By the late afternoon of that April 13, however, almost every white man in Jenkins County wanted Joe Ruffin dead.
* * *
Around 11:30 a.m., Ruffin’s youngest son, Henry, came back to the farm to get his father.10 Masons at the festival had asked for him.11 Ruffin changed into his best Sunday clothes, then got in his second car—a late-model, high-powered Ford touring car—and headed down the road. Henry stayed at the farm. The 15-mile drive from Ruffin’s farm near Billies Branch to the church was cut with swampy creeks and hollows.12 The roads were unpaved. The car drove past acre upon acre of young cotton plants, very low to the ground with thin waxy leaves. Jenkins County is in the middle part of the state near the Savannah River Valley, where Georgia’s Piedmont slopes gradually toward the coast. Georgia’s famous red clay is sandier in this part of the state and a paler shade of orange. Ruffin could see cultivated land for miles, broken up by copses of loblolly pine and scrub oak as well as thickets of holly and cypress. Hawks and buzzards circled the sky.
Sometime after 2 p.m., Ruffin reached Big Buckhead Church Road, the final road leading to the festival. The dirt road had been around since the earliest settlers cut through the forest. As he crossed Buckhead Creek Bridge, Big Buckhead Church—one of the oldest inland white congregations in the South—was on his left. Across the road, mossy obelisk grave markers of Confederate veterans stood in a small cemetery.13 In the closing days of the Civil War, when Ruffin was a young boy, Union and Confederate cavalry battled here.14 The rebels lost; hundreds were killed.15
Carswell Grove was founded two and a half years after the battle in the midst of the social turmoil caused by the Confederacy’s collapse. After the war, whites at Big Buckhead Church kicked out blacks, who for generations had sat in segregated pews. Porter W. Carswell, a white judge who owned nearby Bellevue Plantation, gave black congregants two acres of scrubland to erect their own place of worship just down the road. The congregants named their new church in his honor. By 1919, Carswell Grove Baptist Church boasted more than a thousand members, most of them sharecroppers. The yearly celebration of the church’s founding was one of the largest African American gatherings in east Georgia.
As Ruffin drove up the low ridge, he saw throngs of black men, women, and children milling about the grounds. They were talking and laughing—it was the cacophony of a large, joyous group. Ruffin parked his car and joined them. After a short time, Ruffin remembered that he had left the door to his house unlocked and decided to drive home. He got in his car, but the swelling crowds blocked the road. He drove as far as he could, almost to Big Buckhead Church, when he was forced to stop and wait for people to move along.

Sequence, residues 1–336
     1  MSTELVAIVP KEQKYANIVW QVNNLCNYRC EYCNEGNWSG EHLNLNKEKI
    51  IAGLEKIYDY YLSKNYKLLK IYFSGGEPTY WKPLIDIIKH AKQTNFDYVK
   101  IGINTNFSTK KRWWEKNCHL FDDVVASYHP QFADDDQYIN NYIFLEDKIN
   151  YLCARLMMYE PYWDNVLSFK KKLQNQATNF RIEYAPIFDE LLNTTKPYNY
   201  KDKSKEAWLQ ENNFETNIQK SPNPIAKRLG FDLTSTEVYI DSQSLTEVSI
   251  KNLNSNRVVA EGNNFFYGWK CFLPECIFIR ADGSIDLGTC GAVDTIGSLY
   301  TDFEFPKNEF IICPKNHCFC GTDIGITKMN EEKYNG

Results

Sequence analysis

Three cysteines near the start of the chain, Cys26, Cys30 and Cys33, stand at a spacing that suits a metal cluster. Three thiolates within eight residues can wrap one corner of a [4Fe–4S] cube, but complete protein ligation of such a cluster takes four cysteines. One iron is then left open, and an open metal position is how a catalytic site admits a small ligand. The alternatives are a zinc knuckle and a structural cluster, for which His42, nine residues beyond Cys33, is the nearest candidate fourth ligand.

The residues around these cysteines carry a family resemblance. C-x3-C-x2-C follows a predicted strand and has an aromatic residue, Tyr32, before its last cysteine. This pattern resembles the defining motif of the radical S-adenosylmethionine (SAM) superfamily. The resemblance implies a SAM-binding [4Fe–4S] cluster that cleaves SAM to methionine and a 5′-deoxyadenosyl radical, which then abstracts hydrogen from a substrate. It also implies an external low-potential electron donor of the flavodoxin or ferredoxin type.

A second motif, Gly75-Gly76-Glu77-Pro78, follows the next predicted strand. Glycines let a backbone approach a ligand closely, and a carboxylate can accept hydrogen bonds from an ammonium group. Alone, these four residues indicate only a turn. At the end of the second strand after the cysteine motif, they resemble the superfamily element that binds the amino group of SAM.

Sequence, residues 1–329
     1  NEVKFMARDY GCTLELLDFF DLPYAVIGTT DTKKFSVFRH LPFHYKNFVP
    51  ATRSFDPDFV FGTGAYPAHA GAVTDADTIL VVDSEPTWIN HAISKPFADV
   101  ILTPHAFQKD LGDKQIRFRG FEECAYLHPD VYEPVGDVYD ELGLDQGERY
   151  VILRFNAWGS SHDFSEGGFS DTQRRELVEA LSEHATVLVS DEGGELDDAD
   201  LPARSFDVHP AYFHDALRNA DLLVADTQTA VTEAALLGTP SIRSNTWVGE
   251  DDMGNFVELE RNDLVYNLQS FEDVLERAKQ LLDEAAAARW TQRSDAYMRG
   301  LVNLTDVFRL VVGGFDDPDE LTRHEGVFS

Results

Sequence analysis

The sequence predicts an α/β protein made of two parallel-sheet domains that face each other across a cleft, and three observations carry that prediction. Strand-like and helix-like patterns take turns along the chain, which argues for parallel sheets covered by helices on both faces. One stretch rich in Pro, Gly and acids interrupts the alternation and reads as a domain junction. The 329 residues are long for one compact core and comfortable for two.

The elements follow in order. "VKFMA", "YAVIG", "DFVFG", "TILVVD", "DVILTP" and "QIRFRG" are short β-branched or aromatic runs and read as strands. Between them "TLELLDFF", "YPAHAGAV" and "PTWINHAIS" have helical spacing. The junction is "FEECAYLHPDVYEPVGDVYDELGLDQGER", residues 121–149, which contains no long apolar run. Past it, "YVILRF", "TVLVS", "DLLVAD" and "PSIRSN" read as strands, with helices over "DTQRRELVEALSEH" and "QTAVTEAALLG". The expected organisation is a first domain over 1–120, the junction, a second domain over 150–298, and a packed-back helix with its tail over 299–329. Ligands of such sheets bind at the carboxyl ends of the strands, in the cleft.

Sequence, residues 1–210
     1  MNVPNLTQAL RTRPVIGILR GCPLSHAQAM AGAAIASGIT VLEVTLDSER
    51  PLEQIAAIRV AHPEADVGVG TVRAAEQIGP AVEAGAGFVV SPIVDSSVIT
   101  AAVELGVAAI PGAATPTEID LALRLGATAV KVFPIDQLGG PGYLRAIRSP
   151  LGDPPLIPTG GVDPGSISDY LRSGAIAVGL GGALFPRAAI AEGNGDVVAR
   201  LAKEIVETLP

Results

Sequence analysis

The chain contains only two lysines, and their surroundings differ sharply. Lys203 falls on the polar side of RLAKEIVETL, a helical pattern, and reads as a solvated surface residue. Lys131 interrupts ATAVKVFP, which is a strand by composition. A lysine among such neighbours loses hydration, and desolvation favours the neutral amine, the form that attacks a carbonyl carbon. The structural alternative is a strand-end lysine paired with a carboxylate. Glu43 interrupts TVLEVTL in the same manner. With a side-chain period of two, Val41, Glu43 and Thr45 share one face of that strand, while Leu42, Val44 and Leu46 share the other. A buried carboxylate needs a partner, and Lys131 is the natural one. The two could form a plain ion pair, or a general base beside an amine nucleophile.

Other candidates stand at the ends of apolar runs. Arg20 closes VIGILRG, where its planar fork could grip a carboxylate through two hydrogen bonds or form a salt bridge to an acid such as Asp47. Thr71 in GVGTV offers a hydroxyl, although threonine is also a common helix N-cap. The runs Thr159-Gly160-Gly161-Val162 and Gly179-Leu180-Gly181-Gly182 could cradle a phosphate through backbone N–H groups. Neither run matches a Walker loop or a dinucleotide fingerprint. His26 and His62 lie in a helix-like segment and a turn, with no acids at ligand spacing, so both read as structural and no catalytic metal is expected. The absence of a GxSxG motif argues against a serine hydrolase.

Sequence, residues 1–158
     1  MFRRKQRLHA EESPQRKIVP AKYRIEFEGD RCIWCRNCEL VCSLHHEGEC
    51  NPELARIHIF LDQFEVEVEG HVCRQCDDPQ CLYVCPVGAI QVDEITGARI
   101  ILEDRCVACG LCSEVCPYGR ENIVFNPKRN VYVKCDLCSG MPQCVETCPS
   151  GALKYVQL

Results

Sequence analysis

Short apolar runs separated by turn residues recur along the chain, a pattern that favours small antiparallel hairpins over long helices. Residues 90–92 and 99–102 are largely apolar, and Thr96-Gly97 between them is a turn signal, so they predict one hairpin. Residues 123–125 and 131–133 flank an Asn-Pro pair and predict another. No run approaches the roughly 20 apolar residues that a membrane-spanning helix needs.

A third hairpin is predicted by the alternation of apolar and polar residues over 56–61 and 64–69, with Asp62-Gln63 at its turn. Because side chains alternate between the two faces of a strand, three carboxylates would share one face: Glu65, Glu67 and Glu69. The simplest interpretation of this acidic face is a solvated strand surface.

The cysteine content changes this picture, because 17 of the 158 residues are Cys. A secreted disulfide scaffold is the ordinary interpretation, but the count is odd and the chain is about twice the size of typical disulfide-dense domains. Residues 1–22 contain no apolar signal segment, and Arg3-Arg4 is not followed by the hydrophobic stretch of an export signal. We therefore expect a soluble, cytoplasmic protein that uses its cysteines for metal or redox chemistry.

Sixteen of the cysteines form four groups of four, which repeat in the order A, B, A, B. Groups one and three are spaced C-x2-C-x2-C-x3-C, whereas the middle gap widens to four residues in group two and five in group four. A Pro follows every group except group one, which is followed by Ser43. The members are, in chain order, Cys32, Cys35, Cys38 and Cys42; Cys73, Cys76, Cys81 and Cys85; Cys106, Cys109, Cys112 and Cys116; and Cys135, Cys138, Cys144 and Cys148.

As he sat there, an older Ford drove up behind him and then pulled alongside. People scrambled off the road to get out of the car’s way. It stopped abruptly and Ruffin looked over at its occupants: two white lawmen and a distraught black man in handcuffs. Ruffin knew the black man: Edmund Scott, his longtime friend.16 The driver was W. Clifford Brown, a Jenkins County police officer. In the back of the car with Scott sat Thomas Stephens, a Millen police night marshal. When he saw Ruffin, Scott frantically shouted to the white officers, “I can get him to stand my bond.”17
Why the two white officers were at the black gathering is unclear. They had no warrant. Marshal Stephens was not even in his jurisdiction. In all likelihood, they were in search of illegal alcohol. Brown and Stephens were known for going after stills and liquor joints known in many parts of the South as “blind tigers.”18 That spring, the National Prohibition Act was making its way through Congress. It would enforce the Eighteenth Amendment, which banned the sale of liquor nationwide. But in Georgia, the ongoing murky contest between police and those who made, sold, and drank liquor was an old game. In 1907, the Georgia legislature, bowing to pressure from Baptists, passed a law banning alcohol.19 The law was enacted partly in response to the Atlanta race riot of 1906, when white mobs attacked blacks for three days. Twenty-five blacks and one white were killed. White opponents of alcohol argued that heavy drinking in downtown saloons had been a catalyst for trouble, which they blamed primarily on blacks. The law, however, did little to suppress Georgia’s thirst. By 1919, a thriving underground network of alcohol manufacturers and distributors operated across the state. The police, who were always white, played a running game of cat-and-mouse with still operators, many of whom were black. Sometimes police destroyed confiscated booze. Sometimes corrupt officers resold it. One newspaper reported that Brown, in only three months on the force, filed more than a hundred cases against gamblers and liquor manufacturers. The same report said Brown suspected Scott and the Ruffins of running a still.20